I was only five but I remember certain parts of that trip vividly. I hope that you take as many (even more) pictures as Jeremiah did in his book. Memories really are priceless, and photographs are beautiful to look back at to recall someone’s smile or to see their personality.
This is a Book That You Want to Own!
Buy this book! Get one for your class library, your school library, and buy a copy for each of your student’s for the holidays or as an end-of-the-year gift. Honestly, use this book to teach children about sharing their stories. Show them that their voices genuinely do matter. Let them know that they are not too young to be an author. Jeremiah J. Barnes is a great writer!! He captured the adventure, the action, and provided a sense of feelings that jump off of the pages at you. I felt like I was traveling with them.
The story is also a great demonstration of how much children can do with a little support and freedom of expression. I am so appreciative of Jeremiah’s parents giving him the opportunity to share his talents with each of us. Did I tell you that he took his own photographs and captioned them, too? The captions really give a good insight into how the family felt during different activities. Just in case you couldn’t tell, I really loved this book!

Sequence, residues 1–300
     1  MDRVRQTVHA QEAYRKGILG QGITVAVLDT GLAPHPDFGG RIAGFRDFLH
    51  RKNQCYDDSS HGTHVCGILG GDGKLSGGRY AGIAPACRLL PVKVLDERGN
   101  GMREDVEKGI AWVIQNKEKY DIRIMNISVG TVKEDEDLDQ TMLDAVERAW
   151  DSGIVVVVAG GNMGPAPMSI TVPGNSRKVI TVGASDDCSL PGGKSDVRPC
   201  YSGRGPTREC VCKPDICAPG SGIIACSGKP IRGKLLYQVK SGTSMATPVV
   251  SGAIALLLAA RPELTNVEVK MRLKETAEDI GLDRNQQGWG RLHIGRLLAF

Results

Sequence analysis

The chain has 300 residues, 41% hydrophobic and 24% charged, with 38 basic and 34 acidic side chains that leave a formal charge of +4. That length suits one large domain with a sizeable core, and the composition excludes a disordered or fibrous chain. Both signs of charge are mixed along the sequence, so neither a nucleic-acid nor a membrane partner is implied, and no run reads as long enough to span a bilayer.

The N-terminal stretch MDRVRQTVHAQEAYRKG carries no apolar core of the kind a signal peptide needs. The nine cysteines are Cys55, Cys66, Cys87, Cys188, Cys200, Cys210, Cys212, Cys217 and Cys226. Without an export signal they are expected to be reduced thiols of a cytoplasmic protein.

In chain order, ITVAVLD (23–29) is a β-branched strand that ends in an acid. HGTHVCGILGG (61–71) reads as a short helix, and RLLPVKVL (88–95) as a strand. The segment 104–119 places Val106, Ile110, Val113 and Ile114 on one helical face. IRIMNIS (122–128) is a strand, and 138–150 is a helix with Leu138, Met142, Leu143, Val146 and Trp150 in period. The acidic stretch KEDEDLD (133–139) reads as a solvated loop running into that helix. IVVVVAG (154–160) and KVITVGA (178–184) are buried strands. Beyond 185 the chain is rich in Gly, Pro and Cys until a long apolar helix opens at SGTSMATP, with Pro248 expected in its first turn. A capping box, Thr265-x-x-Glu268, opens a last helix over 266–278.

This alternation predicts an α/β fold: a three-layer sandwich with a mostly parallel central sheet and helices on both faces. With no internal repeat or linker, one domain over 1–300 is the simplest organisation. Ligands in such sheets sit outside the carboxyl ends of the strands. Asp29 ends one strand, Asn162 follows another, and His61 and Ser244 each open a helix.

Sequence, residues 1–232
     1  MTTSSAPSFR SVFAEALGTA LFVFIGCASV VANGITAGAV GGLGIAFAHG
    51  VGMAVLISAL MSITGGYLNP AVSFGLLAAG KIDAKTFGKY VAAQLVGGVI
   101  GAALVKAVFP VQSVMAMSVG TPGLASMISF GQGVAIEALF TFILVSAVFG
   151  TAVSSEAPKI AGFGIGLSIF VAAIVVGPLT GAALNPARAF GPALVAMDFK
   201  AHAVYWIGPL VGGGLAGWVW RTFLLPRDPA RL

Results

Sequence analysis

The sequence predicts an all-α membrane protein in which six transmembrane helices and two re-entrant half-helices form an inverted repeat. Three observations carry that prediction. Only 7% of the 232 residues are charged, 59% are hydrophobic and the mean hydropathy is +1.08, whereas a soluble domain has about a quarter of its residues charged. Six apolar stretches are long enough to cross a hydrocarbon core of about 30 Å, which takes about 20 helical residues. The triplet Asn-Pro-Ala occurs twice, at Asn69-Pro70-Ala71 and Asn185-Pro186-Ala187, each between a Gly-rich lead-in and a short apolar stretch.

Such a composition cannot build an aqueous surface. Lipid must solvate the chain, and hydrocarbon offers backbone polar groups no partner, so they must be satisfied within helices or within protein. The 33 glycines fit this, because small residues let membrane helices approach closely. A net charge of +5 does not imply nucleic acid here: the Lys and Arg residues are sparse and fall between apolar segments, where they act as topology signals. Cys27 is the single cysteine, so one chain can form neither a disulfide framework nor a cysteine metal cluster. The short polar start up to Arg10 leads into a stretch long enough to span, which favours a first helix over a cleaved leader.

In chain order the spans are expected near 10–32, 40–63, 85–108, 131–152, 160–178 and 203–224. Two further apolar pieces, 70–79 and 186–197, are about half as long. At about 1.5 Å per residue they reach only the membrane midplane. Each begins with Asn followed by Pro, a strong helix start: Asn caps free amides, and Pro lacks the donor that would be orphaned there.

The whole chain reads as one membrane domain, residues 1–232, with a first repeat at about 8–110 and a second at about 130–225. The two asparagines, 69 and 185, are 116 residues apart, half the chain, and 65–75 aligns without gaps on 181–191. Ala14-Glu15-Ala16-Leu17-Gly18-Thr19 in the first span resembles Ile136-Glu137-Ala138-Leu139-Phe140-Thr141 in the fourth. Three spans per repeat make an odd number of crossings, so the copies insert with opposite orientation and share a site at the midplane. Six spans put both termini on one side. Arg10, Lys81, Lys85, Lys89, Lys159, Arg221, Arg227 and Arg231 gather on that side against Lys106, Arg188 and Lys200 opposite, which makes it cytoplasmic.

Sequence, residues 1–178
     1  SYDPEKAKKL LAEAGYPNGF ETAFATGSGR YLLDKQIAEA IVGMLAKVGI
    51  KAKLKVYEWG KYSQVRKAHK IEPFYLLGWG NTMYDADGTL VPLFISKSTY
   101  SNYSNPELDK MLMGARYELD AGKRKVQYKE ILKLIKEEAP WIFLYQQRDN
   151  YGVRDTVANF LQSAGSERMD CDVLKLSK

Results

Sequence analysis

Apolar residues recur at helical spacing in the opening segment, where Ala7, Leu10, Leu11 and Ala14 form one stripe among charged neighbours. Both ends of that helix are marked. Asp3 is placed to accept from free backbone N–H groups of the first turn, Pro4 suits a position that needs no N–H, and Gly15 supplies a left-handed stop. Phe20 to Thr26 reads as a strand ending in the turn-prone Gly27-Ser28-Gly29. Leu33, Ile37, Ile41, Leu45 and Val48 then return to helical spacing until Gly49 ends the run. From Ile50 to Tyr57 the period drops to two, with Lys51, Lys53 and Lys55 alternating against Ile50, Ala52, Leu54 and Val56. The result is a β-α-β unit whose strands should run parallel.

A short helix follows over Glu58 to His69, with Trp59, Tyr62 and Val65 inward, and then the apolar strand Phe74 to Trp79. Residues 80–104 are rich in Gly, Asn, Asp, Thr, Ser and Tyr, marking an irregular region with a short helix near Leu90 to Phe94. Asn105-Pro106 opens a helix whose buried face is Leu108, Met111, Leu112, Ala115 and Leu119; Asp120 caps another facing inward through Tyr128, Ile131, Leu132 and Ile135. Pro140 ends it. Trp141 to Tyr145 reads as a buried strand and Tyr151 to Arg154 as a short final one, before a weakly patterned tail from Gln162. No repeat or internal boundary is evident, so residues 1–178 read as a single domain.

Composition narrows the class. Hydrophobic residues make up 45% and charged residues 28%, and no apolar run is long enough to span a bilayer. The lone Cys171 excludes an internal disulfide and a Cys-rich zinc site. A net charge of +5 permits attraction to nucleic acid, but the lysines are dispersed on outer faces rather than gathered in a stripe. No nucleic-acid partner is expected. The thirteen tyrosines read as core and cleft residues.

Using This Text for Instruction
Gracious! The list for how you could incorporate this book into your classroom instruction is endless.
Just to name a few:
- Non-Fiction texts
- Text features
- photographs (helping to tell the story)
- author’s purpose
- It’s a very versatile text that your students will enjoy.
Are you ready for Book Review #2? I knew that you would be! The great stories for our children just keep rolling in.
Dear Curly Hair is a book that so many of us can relate to. At times, our hair of birth is not always the hair that we really want. Other times, we love our hair. That is until… we see someone else’s really beautiful straight hair when our’s is curly. We see someone else’s gorgeously curly hair when our hair is straight. Or, until someone makes a comment that makes us question the love that we had felt for our locks.